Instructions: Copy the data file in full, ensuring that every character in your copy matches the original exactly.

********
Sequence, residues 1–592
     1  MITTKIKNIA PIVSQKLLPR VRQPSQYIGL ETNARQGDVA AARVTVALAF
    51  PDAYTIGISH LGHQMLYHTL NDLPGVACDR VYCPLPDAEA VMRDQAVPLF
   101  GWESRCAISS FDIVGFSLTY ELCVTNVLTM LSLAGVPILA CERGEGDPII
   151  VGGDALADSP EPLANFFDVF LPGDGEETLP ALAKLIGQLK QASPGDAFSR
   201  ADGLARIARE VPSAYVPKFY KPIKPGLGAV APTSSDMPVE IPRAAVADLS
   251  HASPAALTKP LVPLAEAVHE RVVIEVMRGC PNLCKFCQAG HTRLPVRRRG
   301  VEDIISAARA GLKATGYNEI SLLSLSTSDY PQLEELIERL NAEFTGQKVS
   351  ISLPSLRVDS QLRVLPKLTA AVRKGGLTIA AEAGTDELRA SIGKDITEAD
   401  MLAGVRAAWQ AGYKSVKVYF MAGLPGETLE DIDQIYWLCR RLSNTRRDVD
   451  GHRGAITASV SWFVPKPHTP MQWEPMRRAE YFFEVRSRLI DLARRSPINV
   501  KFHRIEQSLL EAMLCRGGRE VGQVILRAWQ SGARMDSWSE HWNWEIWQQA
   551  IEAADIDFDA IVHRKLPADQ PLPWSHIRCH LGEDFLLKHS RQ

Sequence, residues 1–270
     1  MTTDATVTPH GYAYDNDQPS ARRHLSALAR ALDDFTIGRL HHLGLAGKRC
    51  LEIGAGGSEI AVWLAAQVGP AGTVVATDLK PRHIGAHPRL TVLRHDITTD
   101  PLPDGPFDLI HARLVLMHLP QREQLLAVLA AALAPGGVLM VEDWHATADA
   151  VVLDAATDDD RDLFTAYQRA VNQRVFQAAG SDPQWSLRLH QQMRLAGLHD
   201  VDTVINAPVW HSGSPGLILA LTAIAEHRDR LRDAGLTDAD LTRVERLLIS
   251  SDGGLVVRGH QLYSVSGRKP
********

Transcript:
Sequence, residues 1–592
     1  MITTKIKNIA PIVSQKLLPR VRQPSQYIGL ETNARQGDVA AARVTVALAF
    51  PDAYTIGISH LGHQMLYHTL NDLPGVACDR VYCPLPDAEA VMRDQAVPLF
   101  GWESRCAISS FDIVGFSLTY ELCVTNVLTM LSLAGVPILA CERGEGDPII
   151  VGGDALADSP EPLANFFDVF LPGDGEETLP ALAKLIGQLK QASPGDAFSR
   201  ADGLARIARE VPSAYVPKFY KPIKPGLGAV APTSSDMPVE IPRAAVADLS
   251  HASPAALTKP LVPLAEAVHE RVVIEVMRGC PNLCKFCQAG HTRLPVRRRG
   301  VEDIISAARA GLKATGYNEI SLLSLSTSDY PQLEELIERL NAEFTGQKVS
   351  ISLPSLRVDS QLRVLPKLTA AVRKGGLTIA AEAGTDELRA SIGKDITEAD
   401  MLAGVRAAWQ AGYKSVKVYF MAGLPGETLE DIDQIYWLCR RLSNTRRDVD
   451  GHRGAITASV SWFVPKPHTP MQWEPMRRAE YFFEVRSRLI DLARRSPINV
   501  KFHRIEQSLL EAMLCRGGRE VGQVILRAWQ SGARMDSWSE HWNWEIWQQA
   551  IEAADIDFDA IVHRKLPADQ PLPWSHIRCH LGEDFLLKHS RQ

Sequence, residues 1–270
     1  MTTDATVTPH GYAYDNDQPS ARRHLSALAR ALDDFTIGRL HHLGLAGKRC
    51  LEIGAGGSEI AVWLAAQVGP AGTVVATDLK PRHIGAHPRL TVLRHDITTD
   101  PLPDGPFDLI HARLVLMHLP QREQLLAVLA AALAPGGVLM VEDWHATADA
   151  VVLDAATDDD RDLFTAYQRA VNQRVFQAAG SDPQWSLRLH QQMRLAGLHD
   201  VDTVINAPVW HSGSPGLILA LTAIAEHRDR LRDAGLTDAD LTRVERLLIS
   251  SDGGLVVRGH QLYSVSGRKP